The Atlantic slave trade from the 15th through 19th centuries had, by many historians’ count, 12,500,000 victims.
That’s a number “almost as difficult to grasp as the sands on the beach or the stars in the heavens,” writes Randy J. Sparks in his latest book, Africans in the Old South: Mapping Exceptional Lives Across the Atlantic World (Harvard University Press, 2016).
In the book, Sparks, a professor of history at Tulane University, focuses not on the numbers and magnitude of the slave trade. Instead, he tells six biographies of individuals — all natives of West Africa who lived in the American South between 1760 and 1860 — and all caught up in the slave trade in one way or another.
This book “reminds us of the human and individual dimensions of the Atlantic slave trade and its impact on individuals and families as well as on the American South.”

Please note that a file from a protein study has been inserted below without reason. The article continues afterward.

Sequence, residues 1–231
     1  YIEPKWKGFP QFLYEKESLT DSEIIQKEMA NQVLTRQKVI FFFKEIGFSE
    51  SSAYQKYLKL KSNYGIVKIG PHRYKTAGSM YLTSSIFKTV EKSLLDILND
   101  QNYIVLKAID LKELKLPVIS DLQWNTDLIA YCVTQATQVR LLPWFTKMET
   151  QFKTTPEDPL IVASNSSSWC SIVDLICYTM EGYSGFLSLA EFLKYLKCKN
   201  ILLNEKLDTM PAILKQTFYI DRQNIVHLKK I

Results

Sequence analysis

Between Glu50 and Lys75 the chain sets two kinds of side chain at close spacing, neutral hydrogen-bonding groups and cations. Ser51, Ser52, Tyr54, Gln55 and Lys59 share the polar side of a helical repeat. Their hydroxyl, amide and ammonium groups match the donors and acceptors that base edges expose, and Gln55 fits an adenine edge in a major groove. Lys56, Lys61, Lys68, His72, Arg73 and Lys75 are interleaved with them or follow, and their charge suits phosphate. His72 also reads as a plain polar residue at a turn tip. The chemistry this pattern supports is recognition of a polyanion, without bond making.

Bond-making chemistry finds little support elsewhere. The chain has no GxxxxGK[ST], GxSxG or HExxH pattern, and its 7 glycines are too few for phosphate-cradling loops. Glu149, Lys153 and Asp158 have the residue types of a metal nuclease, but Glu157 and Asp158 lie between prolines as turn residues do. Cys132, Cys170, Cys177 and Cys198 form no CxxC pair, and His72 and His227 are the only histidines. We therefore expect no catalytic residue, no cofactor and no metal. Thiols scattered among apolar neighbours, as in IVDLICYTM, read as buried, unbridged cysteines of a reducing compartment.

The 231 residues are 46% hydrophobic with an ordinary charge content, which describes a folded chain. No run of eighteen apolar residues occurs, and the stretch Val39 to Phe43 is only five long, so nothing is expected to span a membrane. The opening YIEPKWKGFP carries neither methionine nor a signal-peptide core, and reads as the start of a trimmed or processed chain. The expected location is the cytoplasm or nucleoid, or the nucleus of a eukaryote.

Randy J. Sparks
While millions of the victims of the slave trade were brought to the Americas, “only an estimated 389,000 came to the American South, about 79,000 of those after 1800,” writes Sparks.
By delving deep into individual life narratives, Sparks says that he is attempting to “capture the unfamiliar, the exceptional, the lives of men and women who defy our expectations of what their lives should have been like.”
The actual, complete story of the African slave trade would need the biographies of each of its 12,500,00 victims, writes Sparks. But much of the historical record is lost.
By retrieving, analyzing and interpreting scant documentation of sales, letters, accounts of legal proceedings, shipping manifests and other written reports, Sparks has written a “microhistory” to “remind us of the human and individual dimensions of the Atlantic slave trade and its impact on individuals and families as well as on the American South.”